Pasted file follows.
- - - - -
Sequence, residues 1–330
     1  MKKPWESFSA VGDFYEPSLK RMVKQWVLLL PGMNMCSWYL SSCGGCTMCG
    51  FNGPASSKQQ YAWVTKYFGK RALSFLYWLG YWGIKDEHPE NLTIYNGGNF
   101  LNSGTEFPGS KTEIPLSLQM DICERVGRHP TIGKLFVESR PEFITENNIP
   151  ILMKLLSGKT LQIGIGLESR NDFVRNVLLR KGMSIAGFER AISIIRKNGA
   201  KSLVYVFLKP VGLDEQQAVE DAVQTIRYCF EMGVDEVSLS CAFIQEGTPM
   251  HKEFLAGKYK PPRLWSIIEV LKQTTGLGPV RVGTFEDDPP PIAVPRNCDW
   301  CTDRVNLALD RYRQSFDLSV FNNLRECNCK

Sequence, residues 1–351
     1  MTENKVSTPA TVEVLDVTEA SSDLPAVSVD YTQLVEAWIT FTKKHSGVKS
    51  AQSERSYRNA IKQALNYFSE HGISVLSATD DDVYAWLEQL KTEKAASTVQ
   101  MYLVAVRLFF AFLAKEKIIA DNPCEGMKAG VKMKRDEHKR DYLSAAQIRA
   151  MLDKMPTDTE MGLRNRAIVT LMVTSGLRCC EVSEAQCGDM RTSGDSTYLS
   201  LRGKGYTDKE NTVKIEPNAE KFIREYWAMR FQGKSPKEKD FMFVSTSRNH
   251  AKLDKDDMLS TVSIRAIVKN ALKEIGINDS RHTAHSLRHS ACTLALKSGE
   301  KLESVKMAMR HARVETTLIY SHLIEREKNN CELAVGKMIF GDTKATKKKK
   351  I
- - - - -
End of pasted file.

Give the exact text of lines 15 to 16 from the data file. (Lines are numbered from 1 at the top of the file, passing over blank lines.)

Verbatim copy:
   251  AKLDKDDMLS TVSIRAIVKN ALKEIGINDS RHTAHSLRHS ACTLALKSGE
   301  KLESVKMAMR HARVETTLIY SHLIEREKNN CELAVGKMIF GDTKATKKKK